As a member of a different political organization I grew to appreciate his quality of intellect, his indomitable combative style of leading and speaking, his wit and humor, his many conversations over the years, particularly in the last few years. Whenever we met either in a social or formal setting he had something to say. Owen Arthur was someone who taught you much.
    I watched him tire over the years as the crush of the strains of health told its story. Persons who are not exposed to national leadership and governance would never realize the toil the numerous responsibilities take on your life. The damaged family lives, the strain on your health by inconvenient eating,. the pressures to always do right for your constituents and country, and then to realize that you cannot be everything to everyone at the same time.
    Owen Arthur was human, engrained with the foibles, frailties and fragilities of being human, yet he must be celebrated for having ventured forth to public service and to face the long knives of his adversaries. No amount of words can tell us how he felt about his life and his contribution to nationhood. Unfortunately, he has passed without his autobiography being penned. Too many stories of our leaders have not been told either by themselves or others. We now have to reminisce.
    I extend my condolences to his wife, daughters, and his extended family as well as his friends. MAY HIS SOUL REST IN ETERNAL PEACE.

    Liked by 3 people

  • William Skinner

    “His decision to end his political life as an Independent is an object lesson in the value of knowing that no one party holds all the answers. His departure is fully embraced in the Barbados that Barrow created. The Constitution of Barbados does not recognise political parties, the tribes. Neither did he, apparently. And this is a good thing. It is a lesson for all who follow him to learn.”

    Barbados Today Editorial Tuesday 28th 2020

    Liked by 1 person

  • Pacha you and forty acres quote your Greek philosopher, I quote my Middle Eastern philosopher “love God, love your neighbor” short and sweet just like Arthur, lol! and it has worked wonderfully well for me, and I have found it remarkably easy to do. if I live to be a 100, I’m good, and if I die today I am also good.And “no” I do not obsess about using that barbaric European practice of guillotining other human beings.

    “If we live, we live for the Lord; and if we die, we die for the Lord. So, whether we live or die, we belong to the Lord.”

    Liked by 2 people

  • @ William

    Now is not the right time to assess Owen Arthur’s yeas as leader of the BLP, or his 14 years as prime minister, his leadership of the CSME or his reputation as an economist.
    Exaggeration is part of mourning, it is one reason why I do not want any eulogies at my funeral or fish cake parties to follow.
    Right now we got an ethical responsibility, as a nation and individuals, to appreciate his contribution to public life. As you are aware, I have been saying for years that Arthur had an opportunity to make an great contribution to Barbados political history by putting down on paper his experiences and knowledge. His executors will fill in the gaps.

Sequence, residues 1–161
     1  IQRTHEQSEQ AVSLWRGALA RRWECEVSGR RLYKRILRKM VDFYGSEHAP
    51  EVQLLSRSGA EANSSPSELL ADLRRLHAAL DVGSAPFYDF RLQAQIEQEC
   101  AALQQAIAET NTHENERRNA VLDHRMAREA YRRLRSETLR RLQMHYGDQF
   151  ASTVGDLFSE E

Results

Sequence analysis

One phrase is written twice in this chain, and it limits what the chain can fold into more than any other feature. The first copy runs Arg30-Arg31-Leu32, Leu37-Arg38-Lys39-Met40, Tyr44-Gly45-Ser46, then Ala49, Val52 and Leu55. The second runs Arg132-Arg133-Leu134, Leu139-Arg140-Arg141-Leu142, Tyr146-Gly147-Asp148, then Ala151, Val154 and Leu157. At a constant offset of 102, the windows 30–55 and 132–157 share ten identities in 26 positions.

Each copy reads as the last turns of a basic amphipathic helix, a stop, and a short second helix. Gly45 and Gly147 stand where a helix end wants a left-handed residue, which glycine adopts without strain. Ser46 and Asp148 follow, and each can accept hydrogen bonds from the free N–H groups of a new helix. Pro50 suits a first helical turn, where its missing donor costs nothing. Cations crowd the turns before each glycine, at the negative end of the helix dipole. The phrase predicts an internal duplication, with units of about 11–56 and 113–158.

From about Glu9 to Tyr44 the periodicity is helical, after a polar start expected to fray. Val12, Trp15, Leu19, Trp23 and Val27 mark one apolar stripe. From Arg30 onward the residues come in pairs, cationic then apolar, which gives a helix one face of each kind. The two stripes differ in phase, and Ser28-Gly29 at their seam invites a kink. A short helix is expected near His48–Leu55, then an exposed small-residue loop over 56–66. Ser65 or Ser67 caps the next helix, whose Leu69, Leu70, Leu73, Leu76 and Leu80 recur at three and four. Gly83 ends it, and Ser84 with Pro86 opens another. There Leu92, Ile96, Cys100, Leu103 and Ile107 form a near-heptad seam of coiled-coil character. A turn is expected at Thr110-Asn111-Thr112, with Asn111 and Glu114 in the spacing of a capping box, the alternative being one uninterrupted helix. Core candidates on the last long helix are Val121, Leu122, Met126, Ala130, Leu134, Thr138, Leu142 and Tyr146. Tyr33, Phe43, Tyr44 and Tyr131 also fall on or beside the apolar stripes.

In the meantime, the nation mourns.

    Liked by 1 person

  • @Hal Austin July 28, 2020 8:57 AM “… it is one reason why I do not want any eulogies at my funeral or fish cake parties to follow.”

    Once you are dead you have no authority, no power, nobody has to obey your wishes. If your family and friends think that eulogies and after parties with fish cakes, and coconut bread too, so will it be.

    Death will deprive Hal Austin of all authority.

    Liked by 2 people

  • The only regional PM’s who have actually written books are “Son” Mitchell and Eric Williams.

    OK, OK, EWB did write a cook book I believe.

    Like

  • @ Cuhdear Bajan

    Your friend Hal Austin real sporty, yuh.

    Listen to him….

    Exaggeration is part of mourning, it is one reason why I do not want any eulogies at my funeral or fish cake parties to follow. {Quote}

    Now listen to he again….

    As you are aware, I have been saying for years that Arthur had an opportunity to make an great contribution to Barbados political history by putting down on paper his experiences and knowledge. {Quote}

    He trying to tell we that people should RESPECT HIS WISHES and doan give a eulogy at he funeral.

    Suppose Owen Arthur DID NOT WANT TO WRITE his memoirs? Suppose writing his memoirs WAS NOT IMPORTANT to him? Or is Hal Austin telling we TO HELL wid what Arthur want, he should write his memoirs because Hal Austin was SAYING SO FOR YEARS?

    We SHOULD RESPECT AND ACCEPT WHATEVER DECISIONS Owen Arthur make bout HIS LIFE and MOVE ON, instead uh being pun a ego trip and pushing we own personal agenda and harping bout what Arthur should uh do.

    Like

  • John Lewis crosses Selma Bridge for the last time in this lifetime. R.I.P.

    Whenever a black angel ascends to heaven a white angel is sent back down again
    How I Got Over

    Liked by 1 person

  • Vincent Codrington

    Funerals are celebrations for the survivors. This is how we grieve. The dead has little or no say. It is our culture. This is who we are. I am sure OSA would be pleased by our efforts.

    Liked by 2 people

  • William Skinner

    @ John
    You wrote:
    “ July 28, 2020 9:50 AM

    The only regional PM’s who have actually written books are “Son” Mitchell and Eric Williams.

    OK, OK, EWB did write a cook book I believe.”